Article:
Behavior is the result of concerted action of neurons from various brain regions. Each brain region may contain many types of neurons, each expressing different genes and projecting to different brain regions. Thus, not all neurons in a brain region may be relevant to a specific behavior. In fact, neighboring neurons may be involved in completely different, sometimes opposing, behaviors depending on their connectivity with neurons in other regions. Therefore, in order to truly understand the neural substrates of a specific behavior it is essential to identify and target specific neurons with known connectivity patterns.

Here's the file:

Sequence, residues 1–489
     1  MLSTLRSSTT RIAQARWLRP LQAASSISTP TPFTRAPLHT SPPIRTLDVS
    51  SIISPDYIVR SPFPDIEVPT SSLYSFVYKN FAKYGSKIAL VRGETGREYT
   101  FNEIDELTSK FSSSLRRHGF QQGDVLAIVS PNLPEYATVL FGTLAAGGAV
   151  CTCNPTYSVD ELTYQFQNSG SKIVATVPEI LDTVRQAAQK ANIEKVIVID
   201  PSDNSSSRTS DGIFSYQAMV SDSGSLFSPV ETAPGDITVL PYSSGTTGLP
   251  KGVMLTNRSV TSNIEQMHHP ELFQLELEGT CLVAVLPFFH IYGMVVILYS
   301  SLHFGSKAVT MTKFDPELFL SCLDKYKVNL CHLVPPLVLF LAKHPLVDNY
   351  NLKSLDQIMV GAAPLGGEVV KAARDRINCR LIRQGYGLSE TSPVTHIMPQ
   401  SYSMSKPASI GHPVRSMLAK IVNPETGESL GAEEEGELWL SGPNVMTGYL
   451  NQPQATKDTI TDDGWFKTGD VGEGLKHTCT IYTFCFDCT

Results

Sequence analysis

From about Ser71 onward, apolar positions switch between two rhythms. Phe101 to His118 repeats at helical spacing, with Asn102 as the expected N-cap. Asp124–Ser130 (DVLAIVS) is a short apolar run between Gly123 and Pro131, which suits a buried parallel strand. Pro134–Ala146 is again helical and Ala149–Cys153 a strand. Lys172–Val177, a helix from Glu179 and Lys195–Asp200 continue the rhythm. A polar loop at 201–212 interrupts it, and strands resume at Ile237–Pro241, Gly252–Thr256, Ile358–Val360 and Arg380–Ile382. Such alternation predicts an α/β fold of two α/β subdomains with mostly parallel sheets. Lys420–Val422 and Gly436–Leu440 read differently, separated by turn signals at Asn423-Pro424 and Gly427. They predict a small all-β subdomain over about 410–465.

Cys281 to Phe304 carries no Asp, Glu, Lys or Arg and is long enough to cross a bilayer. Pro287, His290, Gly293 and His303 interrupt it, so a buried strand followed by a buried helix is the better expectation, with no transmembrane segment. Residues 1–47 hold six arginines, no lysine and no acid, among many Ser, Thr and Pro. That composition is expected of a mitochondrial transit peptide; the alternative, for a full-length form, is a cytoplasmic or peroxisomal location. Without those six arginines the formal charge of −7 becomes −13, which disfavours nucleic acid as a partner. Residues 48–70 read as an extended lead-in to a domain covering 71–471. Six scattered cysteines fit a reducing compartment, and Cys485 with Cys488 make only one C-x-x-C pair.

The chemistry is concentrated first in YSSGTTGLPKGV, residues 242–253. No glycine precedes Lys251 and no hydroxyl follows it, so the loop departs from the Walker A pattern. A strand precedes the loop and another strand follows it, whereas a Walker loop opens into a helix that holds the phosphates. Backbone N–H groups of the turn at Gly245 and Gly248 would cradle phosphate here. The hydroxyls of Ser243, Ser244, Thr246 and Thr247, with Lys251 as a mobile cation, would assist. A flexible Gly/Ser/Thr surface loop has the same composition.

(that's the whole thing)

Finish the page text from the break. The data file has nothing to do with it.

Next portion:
The nucleus accumbens (NAc) and the ventral pallidum (VP) are two regions in the basal ganglia that are deeply involved in the execution of motivated behavior, and uncontrolled motivated behavior is tightly linked with permanent synaptic changes in these two regions. The NAc and the VP receive various inputs and project to many brain regions and thus neurons of the NAc and VP participate in many different neural circuits. Moreover, the NAc and the VP are themselves interconnected in a complex manner. Recent studies show that synaptic plasticity in the NAc after exposure to drugs is not homogenous and occurs at specific synapses. Thus, loss of control on motivated behavior is likely to be mediated by subpopulations in the NAc and the VP that form dedicated microcircuits. Identifying and targeting these specific microcircuits and the synaptic changes therein leading to addictive behavior is therefore crucial.